Lack of sleep can make you unethical

May 19, 2011 | By | 8 Replies More

According to this report by Jena McGregor of the Washington Post,

lack of sleep led not just to poor performance on tasks that require “innovative thinking, risk analysis, and strategic planning”—though studies have shown all those to be true—but also to increased deviant and unethical behavior in both groups. Examples included rudeness, inappropriate responses and attempts to take more money than they’d earned.

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Category: Good and Evil, Psychology Cognition

About the Author ()

Erich Vieth is an attorney focusing on consumer law litigation and appellate practice. He is also a working musician and a writer, having founded Dangerous Intersection in 2006. Erich lives in the Shaw Neighborhood of St. Louis, Missouri, where he lives half-time with his two extraordinary daughters.

Comments (8)

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  1. Erika Price says:

    Perhaps because self-control is a muscle? Behaving well probably requires a lot of effort and inhibition, so it makes sense that exhaustion could promote unethical acts. Maybe even hunger would do the same.

    • Erich Vieth says:

      Erika: I've read several research results suggesting that lack of sleep correlates with over-eating. To the extent that doing the right thing relies on inhibitory circuits of the brain, acting ethically would seem to benefit from the focus and concentration that sleep brings.

  2. Jim Razinha says:

    {I hope the link I inserted was the one you wanted.}

    I'm raising the skeptical shields on this one, particularly the "but also to increased deviant and unethical behavior in both groups" part. "Deviant"? Sure seems an odd word choice. Further, it seems that the business management researchers can really only make the claims about the two groups – nurses and students – which are hardly a significant cross-section to extrapolate such findings.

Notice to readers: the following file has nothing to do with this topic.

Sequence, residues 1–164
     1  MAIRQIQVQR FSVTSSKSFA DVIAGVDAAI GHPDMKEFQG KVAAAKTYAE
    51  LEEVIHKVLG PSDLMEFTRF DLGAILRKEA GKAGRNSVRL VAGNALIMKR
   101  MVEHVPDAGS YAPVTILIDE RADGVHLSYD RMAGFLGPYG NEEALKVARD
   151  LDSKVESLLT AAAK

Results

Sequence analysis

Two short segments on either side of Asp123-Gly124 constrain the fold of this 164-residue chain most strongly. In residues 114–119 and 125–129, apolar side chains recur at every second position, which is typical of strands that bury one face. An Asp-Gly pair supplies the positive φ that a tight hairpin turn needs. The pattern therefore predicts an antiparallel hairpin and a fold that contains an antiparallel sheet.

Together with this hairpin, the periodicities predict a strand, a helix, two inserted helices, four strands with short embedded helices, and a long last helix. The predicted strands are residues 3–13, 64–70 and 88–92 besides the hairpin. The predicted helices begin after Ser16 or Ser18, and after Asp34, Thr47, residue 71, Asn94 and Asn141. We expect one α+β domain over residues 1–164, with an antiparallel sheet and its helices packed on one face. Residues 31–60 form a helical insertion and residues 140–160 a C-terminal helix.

For more years than I can recall, my wife has been telling me I don't get enough sleep (she's right, but habits are habitual and habit-forming). Given that I average less than six hours and I already have an ethical barometer that challenges some (on the high end, not the deviant one), I wonder where I'd chart if I got eight hours. And I'm confident that if my coworkers were surveyed, they would not find anything rude in my behavior – even the contractors who are behind on jobs.

  3. Erich Vieth says:

    Jim: I see the most terrible examples of immorality as based on lack of empathy, which often stems from the lack of attention to others. Attention is a precious and rare commodity. Therefore, lack of sleep can be seen as leading to lack of attention/empathy. This dovetails well with Hannah Arendt's "banality of evil." She states (and I agree) that the worst forms of evil are not those conducted by mean and nasty people. The gravest most widespread forms of evil are caused by the failure to think. That's what intrigued me about this connection with sleep and ethics. See here for more on Arendt and attention: http://dangerousintersection.org/2006/11/03/moral… and also see here: http://dangerousintersection.org/2010/03/18/milgr